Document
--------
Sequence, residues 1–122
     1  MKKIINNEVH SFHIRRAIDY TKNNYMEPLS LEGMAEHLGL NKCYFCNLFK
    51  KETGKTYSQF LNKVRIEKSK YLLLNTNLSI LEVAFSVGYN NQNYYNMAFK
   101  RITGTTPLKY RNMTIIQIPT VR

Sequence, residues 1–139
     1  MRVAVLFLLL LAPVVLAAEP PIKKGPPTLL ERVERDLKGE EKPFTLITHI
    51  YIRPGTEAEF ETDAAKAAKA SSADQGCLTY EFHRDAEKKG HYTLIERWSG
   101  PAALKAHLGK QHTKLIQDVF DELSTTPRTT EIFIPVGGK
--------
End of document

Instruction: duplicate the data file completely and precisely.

Sequence, residues 1–122
     1  MKKIINNEVH SFHIRRAIDY TKNNYMEPLS LEGMAEHLGL NKCYFCNLFK
    51  KETGKTYSQF LNKVRIEKSK YLLLNTNLSI LEVAFSVGYN NQNYYNMAFK
   101  RITGTTPLKY RNMTIIQIPT VR

Sequence, residues 1–139
     1  MRVAVLFLLL LAPVVLAAEP PIKKGPPTLL ERVERDLKGE EKPFTLITHI
    51  YIRPGTEAEF ETDAAKAAKA SSADQGCLTY EFHRDAEKKG HYTLIERWSG
   101  PAALKAHLGK QHTKLIQDVF DELSTTPRTT EIFIPVGGK